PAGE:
We pull up to Reboot The Roots HQ, where I babble thanks to Hazar and Augustine, murmur hellos to resident workers Soon and Myriam, before stumbling into bed for a hard-earned, dreamless sleep.

I wake fully rested. Soon, Myriam and Mr. Furious have been up for ages. Apparently there was an attempt to rescue me from my temporary coma, but it was in vain. It's soon evident that my stomach hasn't stopped rebelling against the sudden calm just yet, as my arse explodes several times in the toilet (my introductions to Malaysians really need work). Soon gives me some Chinese herbal remedies and some classic, liver-destroying Western remedies. In tandem, they work wonders. This is the first of many acts of kindness from Soon, a guy whose patience and diligence in working with reformed addicts using radical forum theatre is simply awe-inspiring.

Now to Magick River so Mr. Furious can spend his last few days in Malaysia with his "Malaysian Dad" Antares - the shaman who runs the informal community guesthouse, who I've heard much about and am interested in meeting. Mr. Furious says his final goodbyes to Soon and Batuarang. I know Reboot The Roots is very, very close to his heart, and his hard work has been a real driving force. Even from my outsider perspective, it's a brief but sad moment.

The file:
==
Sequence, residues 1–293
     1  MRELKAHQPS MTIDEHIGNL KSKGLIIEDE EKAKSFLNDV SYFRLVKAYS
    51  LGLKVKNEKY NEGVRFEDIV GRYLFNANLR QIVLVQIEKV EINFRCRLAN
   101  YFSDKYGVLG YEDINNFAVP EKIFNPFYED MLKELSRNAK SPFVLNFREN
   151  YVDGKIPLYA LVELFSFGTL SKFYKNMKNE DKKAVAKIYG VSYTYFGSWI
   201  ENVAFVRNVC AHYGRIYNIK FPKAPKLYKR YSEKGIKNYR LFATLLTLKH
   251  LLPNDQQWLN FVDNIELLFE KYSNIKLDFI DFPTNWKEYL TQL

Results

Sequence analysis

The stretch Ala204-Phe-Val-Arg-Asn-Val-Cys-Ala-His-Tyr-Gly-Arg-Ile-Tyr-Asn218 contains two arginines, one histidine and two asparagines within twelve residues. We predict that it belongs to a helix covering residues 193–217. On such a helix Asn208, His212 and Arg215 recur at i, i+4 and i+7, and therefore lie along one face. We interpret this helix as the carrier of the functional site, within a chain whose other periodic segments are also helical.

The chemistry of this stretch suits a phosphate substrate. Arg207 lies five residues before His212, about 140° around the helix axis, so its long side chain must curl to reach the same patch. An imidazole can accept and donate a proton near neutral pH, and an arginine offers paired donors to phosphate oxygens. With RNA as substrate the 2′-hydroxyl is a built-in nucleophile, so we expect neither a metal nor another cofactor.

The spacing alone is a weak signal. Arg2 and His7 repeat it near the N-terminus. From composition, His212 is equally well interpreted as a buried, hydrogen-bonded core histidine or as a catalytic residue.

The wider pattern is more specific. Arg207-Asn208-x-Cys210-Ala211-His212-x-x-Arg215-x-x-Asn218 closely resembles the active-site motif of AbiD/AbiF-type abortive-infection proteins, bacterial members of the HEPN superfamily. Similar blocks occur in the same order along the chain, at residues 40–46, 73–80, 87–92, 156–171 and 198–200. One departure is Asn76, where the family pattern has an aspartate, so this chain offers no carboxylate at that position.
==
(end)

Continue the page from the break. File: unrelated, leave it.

We take a train to Kuala Kubu Baru, and Antares and his wife are waiting at the station, delivering us to Magick River. Magick River is invigorating, peaceful and the perfect way to trickle away our last few days together. For five days, we live simply and quietly. We swim in the namesake's river, basking in the sun. We hang out with Antares - a unique, witty and consistently interesting man. We live simply and quietly in the Bamboo Palace. Our friends Laura from Bangkok and Caroline from Pai comes down. Its all being rounded off with novel-shaped clarity.

As inevitable as the dawn, the one and only Mr. Furious must depart for The Big Smoke, returning to see his Mum, and then our squatting family in London. Laura's leaving with him for India via KL. I haven't gone into much detail about all the amazing individuals we've met, mainly because it'd take bloody ages. But Laura has been vital chemical to ignite our adventure, a bottomless well of infectious energy. She will be missed greatly.

We all hug what will never be enough time. To share this mind-bending beauty with Mr. Furious has been an utter privilege. He's got the impassioned eloquence, the magical spontaneity and manic flashes behind his eyes to make it not merely a trip, not merely a journey, but a real adventureIn the warm early sun, I'm shamefully eluded for words. Tears block my throat. 

"Thank you."

"No, mate, thank you."

And that's it. Hugs reluctantly part, and Mr. Furious and Laura disappear into the distance. The Crusty Tour has ended, and I'm solo here on in. It was... 

... what?





It was everything.